Faced with an ongoing drought that has brought severe water shortages to many regions of the state, Georgia’s Gov. Sonny Perdue settled on an unusual solution in November: a state-sponsored religious service to pray for rain.
On Nov. 13, Perdue presided over a gathering of three Protestant ministers, a gospel choir and a crowd of nearly 250 citizens on the steps of the state capitol building to pray for rain.
As the Los Angeles Times put it, Gov. Perdue first led the group in prayer, begging for forgiveness for being wasteful with water.
“Oh Father, we acknowledge our wastefulness,” Perdue prayed. “But we’re doing better. And I thought it was time to acknowledge that to the creator, the provider of water and land, and to tell him that we will do better.”
He also stated, “We have come together, very simply, for one reason and one reason only: To very reverently and respectfully pray up a storm.”
The three ministers followed Perdue, and a choir led the crowd in “Amazing Grace” and “What a Mighty God We Serve.”
Perdue’s critics scored the governor for failing to take the water shortage seriously and not establishing stricter conservation measures. At the height of the drought, many Georgians were infuriated to read about an Atlanta millionaire whose mansion used 60 times more water than the average home.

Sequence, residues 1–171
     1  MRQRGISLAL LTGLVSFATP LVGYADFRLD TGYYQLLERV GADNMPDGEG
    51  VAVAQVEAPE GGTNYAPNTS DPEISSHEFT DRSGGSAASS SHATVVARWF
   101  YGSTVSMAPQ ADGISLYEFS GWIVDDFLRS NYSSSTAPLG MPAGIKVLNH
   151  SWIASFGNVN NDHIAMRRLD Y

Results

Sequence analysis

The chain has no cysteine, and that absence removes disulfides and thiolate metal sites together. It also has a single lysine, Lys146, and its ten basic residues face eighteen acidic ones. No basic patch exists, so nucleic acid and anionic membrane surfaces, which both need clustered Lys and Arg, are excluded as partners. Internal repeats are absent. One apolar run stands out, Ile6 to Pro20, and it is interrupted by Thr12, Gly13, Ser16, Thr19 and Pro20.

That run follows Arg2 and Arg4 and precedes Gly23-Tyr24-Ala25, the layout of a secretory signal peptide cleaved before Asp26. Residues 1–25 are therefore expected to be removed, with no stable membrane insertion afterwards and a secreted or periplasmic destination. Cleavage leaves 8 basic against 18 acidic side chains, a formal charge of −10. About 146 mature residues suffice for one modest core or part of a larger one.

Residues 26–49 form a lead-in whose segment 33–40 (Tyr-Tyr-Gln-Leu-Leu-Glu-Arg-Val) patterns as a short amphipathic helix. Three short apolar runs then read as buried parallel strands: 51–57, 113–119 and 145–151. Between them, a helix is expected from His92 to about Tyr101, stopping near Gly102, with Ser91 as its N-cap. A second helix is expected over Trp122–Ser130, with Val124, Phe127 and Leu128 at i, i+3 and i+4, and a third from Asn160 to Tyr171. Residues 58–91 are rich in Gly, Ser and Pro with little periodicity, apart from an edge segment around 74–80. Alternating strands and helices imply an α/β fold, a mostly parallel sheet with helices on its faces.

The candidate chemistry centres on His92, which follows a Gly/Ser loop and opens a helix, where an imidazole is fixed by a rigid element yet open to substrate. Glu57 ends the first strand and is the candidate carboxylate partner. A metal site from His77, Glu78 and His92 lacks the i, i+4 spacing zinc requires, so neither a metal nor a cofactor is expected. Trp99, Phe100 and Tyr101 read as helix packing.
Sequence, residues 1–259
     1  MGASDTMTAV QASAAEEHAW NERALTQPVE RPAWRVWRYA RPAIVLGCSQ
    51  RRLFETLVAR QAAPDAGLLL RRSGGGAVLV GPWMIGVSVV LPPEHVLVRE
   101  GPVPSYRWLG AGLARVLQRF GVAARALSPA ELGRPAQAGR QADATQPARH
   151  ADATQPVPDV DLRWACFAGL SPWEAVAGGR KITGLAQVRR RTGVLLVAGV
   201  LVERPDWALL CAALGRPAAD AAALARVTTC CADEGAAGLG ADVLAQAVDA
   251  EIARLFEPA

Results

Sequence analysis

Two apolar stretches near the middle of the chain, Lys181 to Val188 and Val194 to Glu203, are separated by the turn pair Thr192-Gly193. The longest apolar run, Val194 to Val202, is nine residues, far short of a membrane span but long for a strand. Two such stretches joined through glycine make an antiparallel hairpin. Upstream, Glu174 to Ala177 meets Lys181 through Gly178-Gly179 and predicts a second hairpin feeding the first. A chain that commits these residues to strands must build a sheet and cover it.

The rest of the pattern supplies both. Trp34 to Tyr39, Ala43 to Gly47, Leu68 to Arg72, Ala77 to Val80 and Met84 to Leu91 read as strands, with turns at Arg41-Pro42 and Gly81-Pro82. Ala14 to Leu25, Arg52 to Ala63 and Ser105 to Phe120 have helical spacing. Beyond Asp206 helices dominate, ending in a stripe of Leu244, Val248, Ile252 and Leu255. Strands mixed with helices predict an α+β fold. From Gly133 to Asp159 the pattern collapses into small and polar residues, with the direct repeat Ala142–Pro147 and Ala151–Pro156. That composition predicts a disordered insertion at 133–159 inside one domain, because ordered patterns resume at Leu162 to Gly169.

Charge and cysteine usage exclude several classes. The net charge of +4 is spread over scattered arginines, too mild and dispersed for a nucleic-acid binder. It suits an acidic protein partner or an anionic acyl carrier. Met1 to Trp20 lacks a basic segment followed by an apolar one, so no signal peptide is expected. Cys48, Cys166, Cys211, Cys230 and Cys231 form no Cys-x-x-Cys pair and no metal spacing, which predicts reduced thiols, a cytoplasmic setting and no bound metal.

“We shouldn’t look at it as ‘Once the rains come we’ll be fine,’” Gil Rogers, an attorney with the Southern Environmental Law Center, told the Times. “We’d all like to see rain, but this doesn’t get us any closer to sustaining water management in Georgia.”
Days before the event took place, Americans United for Separation of Church and State urged Perdue not to go through with the religious service.
“The planned prayer service would violate fundamental constitutional principles by communicating to Georgia residents that the state endorses religion,” wrote AU Assistant Legal Director Richard B. Katskee and Madison Fellow Jessica L. Wolland. The letter asked that the event be cancelled and that future state-sponsored events “not convey a message of religious endorsement.”
The day of the prayer service, members of the Atlanta Freethought Society turned out to protest.
“We’ve got a real problem. Let’s try to do something real about it instead of grandstanding,” said the group’s Ed Buckner. “It is also an absurd, foolish thing to do, and it makes the state of Georgia and Georgians like myself look dumb.”
Some critics of the governor accused him of deliberately scheduling the event on a day when rain was in the forecast. In fact, it did rain the day after the service in some parts of the state, but the amount was so little – about a quarter of an inch – that it failed to make a dent in the drought. (The state faces a 16-inch deficit.)
Three weeks later, the state had two days of rain, but this was followed by more weeks of drought. The situation is so bad that state officials are lining up vendors to bring in bottled water and tanker trucks full of water that could be dispersed to people in jugs and buckets.